The government has decided to construct small irrigation systems with solar-powered pumps for constant supply of water to farming fields to make the production of fresh tomato an all-year round activity.
Mr. George Oduro, a Deputy Minister of Food and Agriculture, said when he addressed a stakeholders meeting of the tomato farming industry at Tuobodom in the Techiman North District of Brong-Ahafo Region.
It was organised by the District Assembly at the instance of President Nana Addo Dankwa Akufo-Addo to identify solutions to challenges confronting tomato farmers in the area.
Other stakeholders in attendance were local tomato traders and some executive members of the Ghana National Tomato Traders and Transporters Association (GNTTTA).
Ghana has two periods in a year for fresh tomato planting and harvesting-middle of February to June, the major season and early September to mid-November, the minor season.
But in the greater part of the two seasons, the country experiences either no rainfall or a scanty amount of rainfall because of climate change, affected planting and harvesting.
Hence, the government in addition to other measures and initiatives through the Ministry of Food and Agriculture (MoFA) would be constructing the small irrigation systems to make water available to the tomato farmers all year, Mr. Oduro stated.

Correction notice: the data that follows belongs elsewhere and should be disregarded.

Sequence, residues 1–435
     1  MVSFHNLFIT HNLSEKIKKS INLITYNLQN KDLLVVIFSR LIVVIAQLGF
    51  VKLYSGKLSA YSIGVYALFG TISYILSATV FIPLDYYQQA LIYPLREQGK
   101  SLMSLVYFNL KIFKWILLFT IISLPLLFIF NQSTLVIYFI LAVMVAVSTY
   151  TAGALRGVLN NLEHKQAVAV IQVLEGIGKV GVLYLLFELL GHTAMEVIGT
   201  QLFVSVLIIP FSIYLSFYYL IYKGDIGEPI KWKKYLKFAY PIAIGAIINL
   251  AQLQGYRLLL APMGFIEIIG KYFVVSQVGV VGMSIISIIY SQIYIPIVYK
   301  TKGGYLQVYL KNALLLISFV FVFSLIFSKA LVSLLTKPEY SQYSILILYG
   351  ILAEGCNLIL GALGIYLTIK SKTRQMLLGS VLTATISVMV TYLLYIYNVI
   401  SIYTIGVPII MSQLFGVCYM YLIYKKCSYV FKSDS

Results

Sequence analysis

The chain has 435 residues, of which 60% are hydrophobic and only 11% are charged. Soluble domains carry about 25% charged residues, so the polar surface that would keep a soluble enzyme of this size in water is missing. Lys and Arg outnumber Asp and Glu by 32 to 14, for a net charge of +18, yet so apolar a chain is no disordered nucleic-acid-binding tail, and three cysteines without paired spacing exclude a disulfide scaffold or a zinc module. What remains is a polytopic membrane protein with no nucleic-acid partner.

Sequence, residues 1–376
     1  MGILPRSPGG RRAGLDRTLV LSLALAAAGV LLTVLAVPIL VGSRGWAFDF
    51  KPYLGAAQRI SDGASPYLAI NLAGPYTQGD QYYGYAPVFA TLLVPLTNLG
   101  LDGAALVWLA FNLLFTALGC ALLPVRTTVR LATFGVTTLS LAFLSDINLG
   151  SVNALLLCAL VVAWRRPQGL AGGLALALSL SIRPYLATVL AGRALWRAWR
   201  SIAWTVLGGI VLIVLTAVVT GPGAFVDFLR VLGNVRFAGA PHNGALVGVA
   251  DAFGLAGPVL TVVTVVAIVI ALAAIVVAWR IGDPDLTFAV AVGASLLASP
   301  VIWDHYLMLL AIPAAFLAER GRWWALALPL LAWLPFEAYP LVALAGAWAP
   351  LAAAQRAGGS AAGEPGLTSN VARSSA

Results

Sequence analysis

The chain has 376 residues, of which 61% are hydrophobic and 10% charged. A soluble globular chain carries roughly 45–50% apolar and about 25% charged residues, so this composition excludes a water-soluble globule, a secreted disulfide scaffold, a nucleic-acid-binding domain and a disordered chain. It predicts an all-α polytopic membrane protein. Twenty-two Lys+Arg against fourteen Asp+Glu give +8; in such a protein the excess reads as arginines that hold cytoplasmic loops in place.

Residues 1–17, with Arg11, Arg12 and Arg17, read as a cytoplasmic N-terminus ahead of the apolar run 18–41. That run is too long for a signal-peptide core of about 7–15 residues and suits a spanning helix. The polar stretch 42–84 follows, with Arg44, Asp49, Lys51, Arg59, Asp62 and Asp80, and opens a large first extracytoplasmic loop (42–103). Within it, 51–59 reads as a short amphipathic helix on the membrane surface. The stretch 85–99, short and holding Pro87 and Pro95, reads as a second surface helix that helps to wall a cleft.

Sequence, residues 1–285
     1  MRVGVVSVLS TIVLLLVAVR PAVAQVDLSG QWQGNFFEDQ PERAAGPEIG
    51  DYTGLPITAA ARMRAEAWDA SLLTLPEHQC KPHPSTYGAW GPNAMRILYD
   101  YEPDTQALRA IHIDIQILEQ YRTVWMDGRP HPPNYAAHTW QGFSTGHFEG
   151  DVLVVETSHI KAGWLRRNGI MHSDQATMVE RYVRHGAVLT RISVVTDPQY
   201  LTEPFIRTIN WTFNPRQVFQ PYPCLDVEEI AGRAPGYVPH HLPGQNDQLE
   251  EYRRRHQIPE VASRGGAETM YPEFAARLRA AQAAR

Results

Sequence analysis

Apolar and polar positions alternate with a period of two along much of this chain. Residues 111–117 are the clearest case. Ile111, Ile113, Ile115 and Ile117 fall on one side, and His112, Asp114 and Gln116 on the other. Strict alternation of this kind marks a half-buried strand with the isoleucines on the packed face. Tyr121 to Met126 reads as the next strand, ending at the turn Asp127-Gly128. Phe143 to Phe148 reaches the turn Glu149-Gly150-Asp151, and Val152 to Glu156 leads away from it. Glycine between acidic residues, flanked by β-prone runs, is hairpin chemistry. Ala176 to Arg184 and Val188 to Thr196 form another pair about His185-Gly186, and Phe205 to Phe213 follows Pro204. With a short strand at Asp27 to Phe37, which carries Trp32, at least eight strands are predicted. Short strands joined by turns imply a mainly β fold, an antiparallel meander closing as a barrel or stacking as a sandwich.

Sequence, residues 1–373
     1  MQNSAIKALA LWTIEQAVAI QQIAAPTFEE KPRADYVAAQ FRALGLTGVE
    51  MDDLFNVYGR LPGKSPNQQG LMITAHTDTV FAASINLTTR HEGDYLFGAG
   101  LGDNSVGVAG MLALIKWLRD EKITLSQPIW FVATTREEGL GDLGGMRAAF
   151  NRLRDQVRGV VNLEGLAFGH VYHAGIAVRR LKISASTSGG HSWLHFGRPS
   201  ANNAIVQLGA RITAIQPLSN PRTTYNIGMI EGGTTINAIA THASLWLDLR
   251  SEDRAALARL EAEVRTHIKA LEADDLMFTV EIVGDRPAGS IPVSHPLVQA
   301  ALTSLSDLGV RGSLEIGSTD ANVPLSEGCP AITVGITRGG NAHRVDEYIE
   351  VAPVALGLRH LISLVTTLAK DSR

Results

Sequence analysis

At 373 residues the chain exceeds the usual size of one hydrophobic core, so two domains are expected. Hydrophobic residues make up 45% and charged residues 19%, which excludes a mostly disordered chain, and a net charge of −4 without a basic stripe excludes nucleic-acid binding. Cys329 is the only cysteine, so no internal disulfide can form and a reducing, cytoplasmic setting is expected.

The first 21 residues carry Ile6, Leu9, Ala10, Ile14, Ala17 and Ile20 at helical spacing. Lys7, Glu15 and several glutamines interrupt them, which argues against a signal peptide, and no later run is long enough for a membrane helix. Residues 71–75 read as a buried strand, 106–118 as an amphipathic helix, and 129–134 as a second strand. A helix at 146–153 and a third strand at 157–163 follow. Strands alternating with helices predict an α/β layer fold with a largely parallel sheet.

He announced that there was also a plan to construct cold room facilities to provide space for the storage of the fresh tomatoes to avoid glut during harvesting period and to ensure adequate and constant supply to the market, besides feeding a processing plant to be built in the area under the government’s One District, One Factory programme.
Mr. Oduro however urged the farmers to consult the District Directorate of MoFA to rely on the services of Agriculture Extension Agents (AEAs) to adhere to best tomato farming practices for quality production.
The farmers through Mr. Baffour Afrifa, the Chairman of their Association, had earlier indicated among other challenges and grievances that there were inadequate AEAs to attend to them, in addition to the challenge of marketing because the traders preferred the products of Burkina Faso to those produced locally.
Mr. Oduro assured that the government through the MoFA was going to employ more AEAs.
On the issue related to importation of tomatoes from Burkina Faso, he said, the farmers must endeavour to do things right to support government’s effort to improve the quality, to attract the importers to buy locally, for the money to remain in the Ghanaian economy.
Mr. Eric Osei Tuffuor, the Chairman of GNTTTA, said the move among other benefits would assist in retaining greater chunk of money, if not, all will be used for importation of fresh tomato from Burkina Faso .
It would also create abundance of the commodity for both domestic and commercial consumption as Ghanaians consume 90 per cent of the commodity produced in Burkina Faso.